OK, maybe not. But this here autotools cleanly handles all those crazy portability edge cases and gives you a nice structure to boot. It's the Right Thing.
Sorry about that. But check out scons. That's clearly the way things should have been done in the first place.
Late breaking news: supporters of "Ant" in the Java world were just deposed by something called "Gradle"! We'll have experts on shortly to explain why either of these were needed in the first place given that javac handled dependencies automatically in its very first version.
But yeah, maybe python wasn't as clean as we hoped. Check out cmake! Here's the new hotness for sure. Pay no attention to the really awful programming language it embeds, it does windows!
I mean, yeah, recursive make, specifically, isn't a great idea. And for large projects, make implementations have performance issues.
But make is a tool that does two things and does them simple and well: it tracks dependencies between files, and it lets you write simple command sequences in an obvious language to fulfill those dependencies.
And until the authors of all these other tools get their heads out of the clouds and stop trying to fix the OTHER problems with make while refusing to preserve these attributes, make isn't going anywhere.
1. Rule with multiple outputs are problematic. Stamp-files work as a hack, but the build ends up harder to maintain as developers need to figure out which stamp controls what files
2. There's no good solution to handle changes in the makefile. Particularly, if a make target disappears, there's no way to delete the output file. If another build step later on grabs the supposed-to-no-longer-exist file via a glob pattern, build failures or run-time fun can result.
Workaround: attempt a clean rebuild whenever the build does something weird. This is especially problematic when switching between development branches.
3. Recursive makefiles suck because you can't have fine-grained dependencies between parts of the sub-projects.
Non-recursive makefiles suck because it's just textual includes: there's no scoping, so name collisions between different sub-projects cause trouble. And all paths have to be relative to the top-level makefile, so there's no way to write a makefile that can be included in arbitrary other projects.
4. Some features have weird semantics that makes them unusable in practice; e.g. the "target: export A=B" syntax looks like it's setting an envvar locally for a single target, but actually also sets it for other targets "invoked by" the target. Of course, which dependencies of "target" are "invoked by" it ends up being non-deterministic in a parallel build.
Fun fact: even "target: private export A=B" doesn't work reliably; the "private" modifier in GNU make only fixes this problem for make variables, but not for environment variables.
So is there a build tool that fixes these problems, instead of just replacing the parts of make that actually work well?
I created something that tries to improve some aspects of Make. In particular it allows setting multiple outputs and use checksum instead of timestamp for build caching.
Don't expect a perfect tool, though. This started as a toy project, but evolved with time.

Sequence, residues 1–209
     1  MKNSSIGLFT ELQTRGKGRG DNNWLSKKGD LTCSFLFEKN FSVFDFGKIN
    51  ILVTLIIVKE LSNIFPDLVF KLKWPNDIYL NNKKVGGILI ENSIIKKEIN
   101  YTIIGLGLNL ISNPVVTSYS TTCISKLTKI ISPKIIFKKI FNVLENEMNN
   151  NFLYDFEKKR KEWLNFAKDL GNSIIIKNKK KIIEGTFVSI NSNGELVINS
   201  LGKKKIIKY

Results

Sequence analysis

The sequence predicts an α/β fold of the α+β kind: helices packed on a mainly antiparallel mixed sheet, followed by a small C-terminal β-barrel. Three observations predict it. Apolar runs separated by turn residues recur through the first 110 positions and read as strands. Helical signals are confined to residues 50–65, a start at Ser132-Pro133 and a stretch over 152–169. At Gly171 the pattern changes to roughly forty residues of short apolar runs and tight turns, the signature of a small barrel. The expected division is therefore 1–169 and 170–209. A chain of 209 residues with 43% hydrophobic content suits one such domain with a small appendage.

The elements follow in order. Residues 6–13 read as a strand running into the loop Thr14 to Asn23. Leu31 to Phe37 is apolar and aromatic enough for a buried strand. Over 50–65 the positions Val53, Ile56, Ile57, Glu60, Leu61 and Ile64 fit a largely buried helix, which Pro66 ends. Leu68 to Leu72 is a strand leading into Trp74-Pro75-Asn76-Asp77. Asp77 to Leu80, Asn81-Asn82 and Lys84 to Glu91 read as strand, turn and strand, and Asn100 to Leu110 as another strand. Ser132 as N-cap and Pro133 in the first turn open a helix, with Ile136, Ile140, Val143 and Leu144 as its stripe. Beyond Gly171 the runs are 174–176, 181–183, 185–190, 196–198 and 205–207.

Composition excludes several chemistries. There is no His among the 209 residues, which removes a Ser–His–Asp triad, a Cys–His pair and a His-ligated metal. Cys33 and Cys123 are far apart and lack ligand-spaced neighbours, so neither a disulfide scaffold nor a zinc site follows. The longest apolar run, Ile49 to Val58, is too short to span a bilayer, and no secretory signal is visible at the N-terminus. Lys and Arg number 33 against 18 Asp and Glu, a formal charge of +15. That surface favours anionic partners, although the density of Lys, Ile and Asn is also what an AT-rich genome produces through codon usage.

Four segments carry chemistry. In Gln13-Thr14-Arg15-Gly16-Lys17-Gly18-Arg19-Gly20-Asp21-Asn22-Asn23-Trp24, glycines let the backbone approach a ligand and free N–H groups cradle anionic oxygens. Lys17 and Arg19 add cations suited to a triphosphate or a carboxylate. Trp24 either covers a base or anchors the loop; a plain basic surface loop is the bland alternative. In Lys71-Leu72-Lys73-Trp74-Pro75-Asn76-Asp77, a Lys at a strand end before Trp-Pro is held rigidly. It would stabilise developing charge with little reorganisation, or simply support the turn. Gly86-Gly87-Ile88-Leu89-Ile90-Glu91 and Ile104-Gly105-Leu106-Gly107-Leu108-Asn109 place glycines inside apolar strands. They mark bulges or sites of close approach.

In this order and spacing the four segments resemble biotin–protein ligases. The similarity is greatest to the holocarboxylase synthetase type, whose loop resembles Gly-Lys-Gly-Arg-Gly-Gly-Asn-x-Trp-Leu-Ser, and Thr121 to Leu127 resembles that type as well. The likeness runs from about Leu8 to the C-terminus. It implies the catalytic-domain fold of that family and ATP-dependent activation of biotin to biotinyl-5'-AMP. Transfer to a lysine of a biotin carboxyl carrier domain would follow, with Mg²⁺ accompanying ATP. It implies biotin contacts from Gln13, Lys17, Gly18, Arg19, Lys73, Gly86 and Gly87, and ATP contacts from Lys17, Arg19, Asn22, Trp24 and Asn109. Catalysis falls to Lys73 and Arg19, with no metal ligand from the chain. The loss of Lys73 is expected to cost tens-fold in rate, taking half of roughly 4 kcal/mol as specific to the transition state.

People experienced with make might not notice, but Makefiles often become write-only code, especially to novices.
Not that the problems in the paper here are not specific to make. They describe deficiencies in a certain kind of mathematical model. It is possible (and common) to have the same problems in a non-make build system. Make is not special in this regard, just popular.
Gah, that's exactly the fallacy I mentioned above! That's not the requirement, as shown by decades of make's refusal to die. The requirement is that it work simply and easily for the simple tasks needed to get new projects built in their early days where their structure is changing rapidly.
Other stuff tends to force you into a world view, which is why we have separate build systems for Android apps, and Rust modules, and cross-platform C++ code, and Java projects, and Linux command line tools, and...
That said: I don't know what you're talking about here. Make does a perfectly general DAG via its routine and simple dependency syntax. Recursive make invocations do not, which is what the linked article about. But make works fine for arbitrary dependencies. Go build a kernel to see.
Nobody denies that Make can model all this. CMake and autoconf actually embrace that quality of make. The concern is that turning "depend on libfoobar.a" or "libfizzbuzz.a now requires FIZZBUZZ_STRING=std::string" into a coherent Makefile change is more often nontrivial, especially without breaking parallelism, correctness, or the ability to do incremental builds.
Build of a what of a which does what now? Why on earth do I care about that? (No, don't explain it to me. I know the answer. I just don't care.)
We're clearly talking past each other. You're still hung up over obscure minutiae that giant projects need to worry about, and you're convinced that if you just had a tool that handled all that minutiae and that if everyone used it that everything would be roses.
1. Your minutiae isn't my minutiae. Your favorite tool sucks for, probably, most people. Tools designed to contorted sentences like the one I quoted tend to only work for one thing. That's how you get ant and cargo and cmake, not a better generic build system.
2. Minutiae isn't the issue. All big projects end up stuck in minutiae details and it's always a mess.
3. Tools designed to address minutiae details tend to be outrageous garbage when faced with simple problems.